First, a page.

One of the problems of our society is the failure of the prison system; therefore, I decided to investigate further.

Following, I post My Research Proposal.

A Methodological analysis of Environmental Psychology approaches to Institutions for Young Offenders

Research Interest

This research would investigate the effects of the environment on the moods, feelings and behaviors in Youth Detention Centers, more specifically which factors can help with the rehabilitation process or can be a trigger for violent behavior. The overall aim of the research is to study the approaches of the field Environmental Psychology in planning a Youth Detention Center. Environmental Psychology is the study of human behaviors in relation to their environments and vice versa (Kopek, 2006). This study will argue the need for research that establishes scientifically grounded guidelines to help interior designers plan better these environments.

As there are few studies done hitherto in this area, my aim is to try to find the tools for predesign research (PDR) in particular the needs assessments within similar environments; for example the Pediatrics Department within hospital design where children are confined for long periods of time.

My BA in Interior Design, BA in Psychology and the MRes course alerted me to the lack of knowledge in this field.

As Roger S. Ulrich said: …the amount of scientific research to date on psychologically supportive health design is limited, and studies still need to be done on many important issues. For many design questions, there is no sound research yet available (Ulrich, 1991).

Various factors are important; I will give some short examples of relevant discoveries that show how these factors can have an influence on youth. For example, visual stimulants in rooms intended for children are often designed to facilitate learning or play (Kopek, 2006); incidence of child abuse increased significantly, when residential density exceeded 1.5 persons per room (Zuravin, 1986 cited in Kopek, 2006, p.148); reducing visual boundaries by using more windows effectively prevents behavioral problems (Kopek, 2006) compared to Zero Tolerance policies that don’t reduce bullying effectively because they increase the negative feeling (Crawford, 2002 cited in Kopek, 2006, p.199). Visual monotony experienced over a prolonged period, frequently results in physiological and emotion stress, causing anxiety, tension, fear, and psychological ill health (Holahan, 1972). The role of nature in Prison environment is another aspect that I want to research. Views of most natural settings will have stress-reducing influences, whereas views of urban or built settings will tend to impede recuperation, especially if they lack nature content such as vegetation and water (Ulrich 1991).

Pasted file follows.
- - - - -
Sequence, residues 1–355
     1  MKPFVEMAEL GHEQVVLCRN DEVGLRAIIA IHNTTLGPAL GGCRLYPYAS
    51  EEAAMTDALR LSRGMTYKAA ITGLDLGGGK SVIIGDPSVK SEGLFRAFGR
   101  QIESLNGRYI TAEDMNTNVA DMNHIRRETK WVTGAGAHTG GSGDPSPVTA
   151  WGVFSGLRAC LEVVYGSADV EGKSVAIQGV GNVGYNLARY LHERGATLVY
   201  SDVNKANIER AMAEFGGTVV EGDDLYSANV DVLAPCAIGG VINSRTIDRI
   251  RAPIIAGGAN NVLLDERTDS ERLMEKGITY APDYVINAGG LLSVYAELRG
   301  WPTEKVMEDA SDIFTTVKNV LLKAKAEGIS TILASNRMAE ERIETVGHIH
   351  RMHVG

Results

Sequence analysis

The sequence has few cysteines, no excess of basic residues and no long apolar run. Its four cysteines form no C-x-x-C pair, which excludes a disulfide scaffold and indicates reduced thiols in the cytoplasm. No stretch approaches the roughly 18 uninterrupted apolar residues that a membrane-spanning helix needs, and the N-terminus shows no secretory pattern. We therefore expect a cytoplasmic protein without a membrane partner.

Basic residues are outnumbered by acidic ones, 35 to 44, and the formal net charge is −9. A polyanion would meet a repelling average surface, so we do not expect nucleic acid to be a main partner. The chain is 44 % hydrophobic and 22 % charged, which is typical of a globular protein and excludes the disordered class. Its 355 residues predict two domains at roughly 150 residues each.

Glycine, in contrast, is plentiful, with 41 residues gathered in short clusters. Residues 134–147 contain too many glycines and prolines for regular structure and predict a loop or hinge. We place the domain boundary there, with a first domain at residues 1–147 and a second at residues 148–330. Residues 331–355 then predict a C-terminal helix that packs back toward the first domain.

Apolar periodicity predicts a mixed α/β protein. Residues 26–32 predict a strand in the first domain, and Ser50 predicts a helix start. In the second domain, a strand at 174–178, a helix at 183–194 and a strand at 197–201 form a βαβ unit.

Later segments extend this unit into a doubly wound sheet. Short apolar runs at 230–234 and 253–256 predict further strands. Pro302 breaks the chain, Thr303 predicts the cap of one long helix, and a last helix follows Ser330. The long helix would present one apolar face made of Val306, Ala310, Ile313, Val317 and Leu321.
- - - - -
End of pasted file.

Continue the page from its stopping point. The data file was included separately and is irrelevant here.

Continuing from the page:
According to a large-scale study led by Oxford University in 2008, there is a high prevalence of mental illness among incarcerated youth.

 Historical Context

The oldest experiments that have related behavior and environment are within the field of psychology. Psychologists in the 19th Century studied the effects of environmental perception related to light, color, sound and ventilation on behavior primarily within an industrial or school environment. Later, Florian Stefanescu-Goanga in 1911 in Leipzig under the supervision of Wilhelm Wundt studying the emotional color tone which he divided it into excitatory and soothing. Hugo Münsterberg a German-American psychologist asked under what psychological conditions an employer can secure the highest quality output of work by looking at the effects of changing the workspace environment.

Many consider Egon Brunswik the founder of environmental psychology. He first used this term in 1943 to describe the field of human-environment relationship. As an interdisciplinary field, many researchers contributed to environmental psychology e.g.Kurt Lewin (1943) a behavioral geographer and urban sociologist and Roger Baker (1947) an ecological psychologist. Abraham Maslow an American Psychologist; conducted a study in 1956 with photographs of people and found that observers responded more positively to the people photographed when the observers were in well designed rooms and more negatively when the observers were in poorly designed rooms.

 Contemporary Context

Professor Hillary Dalke’s The Colour Design Guide for the National Offender Management Service is a pioneering. It changes the standards for refurbishments in prison environment changing the colour palette and bringing novelty like the use of visuals like paintings in specific areas. Visuals are important in a Youth Detention Center as they stimulate the imagination of children and support their creative play.